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Various government officials, members of Congress, local community leaders and others congregated at the Cannon House Office Building on Capitol Hill to bid a final farewell at the official memorial service for Frank Kameny, the local gay-rights pioneer who died Oct. 11.
At least a hundred mourners, including many federal LGBT employees from Capitol Hill, the White House and various government agencies, filled the Cannon Caucus Room, where speakers shared memories of the man who was frequently referred to during the memorial as ”the Rosa Parks of the gay-rights movement.”
Speaking at the memorial service were Charles Francis, co-founder of the Kameny Papers Project; Del. Eleanor Holmes Norton (D-D.C.); William Eskridge, a Yale University professor; Reps. Barney Frank (D-Mass.) and Tammy Baldwin (D-Wis.); and John Berry, director of the Office of Personnel Management. All spoke of how Kameny’s crusade for equal treatment of LGBT people set the course for the gay rights movement in America, as well as his personal influence on them.
Frank Kameny (Oct. 2006)
Photo by Todd Franson
”It was because of that man I have a career,” Berry said, gesturing toward a photo of Kameny at the front of the room and recalling Kameny’s longtime fight – beginning with his dismissal from the U.S. Army Map Service in 1957 – to allow openly gay men and women to serve as government employees.
Berry recalled knowing he was gay as a child and wanting to go into public service as an adult, but knowing that his opportunities were limited because of the fear of being ”outed” as gay and fired.
”Frank Kameny freed us from that fear,” Berry said. ”He allowed us to step out of the closet and into the full light of equality.”
Baldwin, one of the few openly gay members of Congress and currently the only out lesbian member, eulogized Kameny as someone who was ”forthright, strong-willed, tenacious and proud” and told how Kameny’s fight for gay rights influenced her own journey of self-discovery when she was in the process of coming out.
”Frank never lived to see our dream of full equality for LGBT Americans,” Baldwin said. ”It is up to all of us to pick up the trail where he left off and to carve our own path.”
Susie Kameny, a distant cousin of Frank Kameny’s visiting from San Francisco, attended the memorial service and said she was touched by the tributes to him.
She said she had visited the Library of Congress to view the Kameny Papers Project, a collection of Kameny’s various published works, legal briefs and other writings and was planning to visit the Smithsonian’s National Museum of American History to see some of Kameny’s picket signs that were used in gay rights protests.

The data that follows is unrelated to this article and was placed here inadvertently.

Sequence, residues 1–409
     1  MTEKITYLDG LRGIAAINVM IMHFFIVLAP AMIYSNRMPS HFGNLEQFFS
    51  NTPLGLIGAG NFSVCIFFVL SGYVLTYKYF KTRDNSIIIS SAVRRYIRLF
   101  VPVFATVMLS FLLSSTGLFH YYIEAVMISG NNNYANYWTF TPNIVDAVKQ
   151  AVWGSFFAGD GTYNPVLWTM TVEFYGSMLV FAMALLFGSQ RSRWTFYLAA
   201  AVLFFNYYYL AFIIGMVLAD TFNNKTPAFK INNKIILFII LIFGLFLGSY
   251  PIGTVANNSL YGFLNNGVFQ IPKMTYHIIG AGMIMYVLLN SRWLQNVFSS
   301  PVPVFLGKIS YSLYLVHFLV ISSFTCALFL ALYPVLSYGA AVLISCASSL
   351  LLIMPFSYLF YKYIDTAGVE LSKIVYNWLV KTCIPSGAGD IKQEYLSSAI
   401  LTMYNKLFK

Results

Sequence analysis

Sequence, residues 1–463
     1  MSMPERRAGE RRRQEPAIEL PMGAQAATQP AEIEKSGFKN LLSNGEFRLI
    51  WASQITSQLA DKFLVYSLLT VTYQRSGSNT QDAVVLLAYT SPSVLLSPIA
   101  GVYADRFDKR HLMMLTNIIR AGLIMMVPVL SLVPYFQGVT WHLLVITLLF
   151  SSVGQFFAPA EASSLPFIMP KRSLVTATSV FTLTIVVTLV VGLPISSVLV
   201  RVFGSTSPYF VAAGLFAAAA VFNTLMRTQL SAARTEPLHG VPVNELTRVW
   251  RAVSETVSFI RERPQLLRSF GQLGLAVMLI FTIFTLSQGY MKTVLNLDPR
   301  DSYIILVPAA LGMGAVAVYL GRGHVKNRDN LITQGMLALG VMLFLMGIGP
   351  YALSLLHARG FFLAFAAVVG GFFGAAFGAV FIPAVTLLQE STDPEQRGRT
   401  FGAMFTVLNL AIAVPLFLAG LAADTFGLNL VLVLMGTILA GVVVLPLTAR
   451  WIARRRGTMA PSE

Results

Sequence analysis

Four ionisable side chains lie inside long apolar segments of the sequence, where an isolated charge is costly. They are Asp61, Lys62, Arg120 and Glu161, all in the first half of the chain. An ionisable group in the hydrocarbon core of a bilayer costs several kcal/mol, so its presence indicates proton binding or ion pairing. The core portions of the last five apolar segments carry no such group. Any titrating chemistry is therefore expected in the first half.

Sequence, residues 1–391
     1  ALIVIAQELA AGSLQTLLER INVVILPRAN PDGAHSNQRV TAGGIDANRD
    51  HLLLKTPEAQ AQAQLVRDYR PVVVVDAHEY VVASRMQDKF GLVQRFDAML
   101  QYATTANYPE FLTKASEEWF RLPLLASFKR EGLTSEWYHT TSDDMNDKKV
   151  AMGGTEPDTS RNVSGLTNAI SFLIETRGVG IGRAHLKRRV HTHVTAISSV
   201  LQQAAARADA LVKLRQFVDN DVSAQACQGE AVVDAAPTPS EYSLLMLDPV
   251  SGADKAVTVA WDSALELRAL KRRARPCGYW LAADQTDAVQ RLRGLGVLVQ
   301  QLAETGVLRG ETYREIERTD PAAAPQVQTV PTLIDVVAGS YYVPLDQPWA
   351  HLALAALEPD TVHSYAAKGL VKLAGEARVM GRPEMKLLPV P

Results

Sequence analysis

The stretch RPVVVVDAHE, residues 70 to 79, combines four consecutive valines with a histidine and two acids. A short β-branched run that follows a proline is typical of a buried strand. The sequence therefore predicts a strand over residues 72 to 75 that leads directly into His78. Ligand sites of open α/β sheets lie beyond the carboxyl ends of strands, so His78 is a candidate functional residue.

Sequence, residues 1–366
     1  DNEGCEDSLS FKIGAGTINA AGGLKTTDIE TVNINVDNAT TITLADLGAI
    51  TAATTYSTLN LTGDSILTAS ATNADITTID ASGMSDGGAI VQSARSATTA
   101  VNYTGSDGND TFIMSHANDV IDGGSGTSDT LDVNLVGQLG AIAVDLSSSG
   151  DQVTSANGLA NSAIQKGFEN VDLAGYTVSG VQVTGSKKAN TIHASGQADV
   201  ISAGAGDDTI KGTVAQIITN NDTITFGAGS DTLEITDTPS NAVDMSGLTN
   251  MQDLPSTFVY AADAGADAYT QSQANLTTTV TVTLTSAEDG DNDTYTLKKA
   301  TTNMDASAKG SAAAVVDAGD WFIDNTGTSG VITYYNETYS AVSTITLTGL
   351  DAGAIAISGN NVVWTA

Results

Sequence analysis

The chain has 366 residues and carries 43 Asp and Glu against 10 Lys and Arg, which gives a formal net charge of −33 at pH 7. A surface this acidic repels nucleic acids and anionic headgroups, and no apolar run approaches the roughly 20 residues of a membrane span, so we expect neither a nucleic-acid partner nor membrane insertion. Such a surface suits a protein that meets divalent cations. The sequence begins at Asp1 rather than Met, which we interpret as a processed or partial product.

”Every time I learn more things about Frank, the more I’m amazed and proud of what he did,” she said.
Susie Kameny said she was particularly touched by Berry’s eulogy, because he represents the office that is the successor to the Civil Service Commission, which had been responsible for firing Frank Kameny.
”You don’t get apologies from the government very often,” she said.
Susie Kameny, a teacher by profession, also said that, under a new law passed in California, she will be able to talk about gay rights history and looks forward to sharing stories of Frank Kameny with her students.
”He’s a part of that history,” she said, smiling.
”I’m just so overwhelmed,” Bob Witeck said immediately after the event. Witeck was one of Kameny’s longtime associates and the chief organizer of Kameny’s two memorial services.
Witeck said each speaker ”hit the right note” in eulogizing Kameny and enhanced their speeches by highlighting personal connections they had with Kameny.
Witeck also said it was ”richly ironic” that Kameny would be honored in the Caucus Room, where almost 50 years ago the House Un-American Activities Committee held hearings targeting gay people and comparing them to communists in terms of the threat they posed to the United States.
”[Two weeks ago] at the memorial service [at Carnegie Library], it was our city saying goodbye to a local hero,” Witeck said. ”This was him being recognized as a national hero, with each speaker giving evidence of his effect on their lives. It’s a story Americans need to know, not just LGBT people.”
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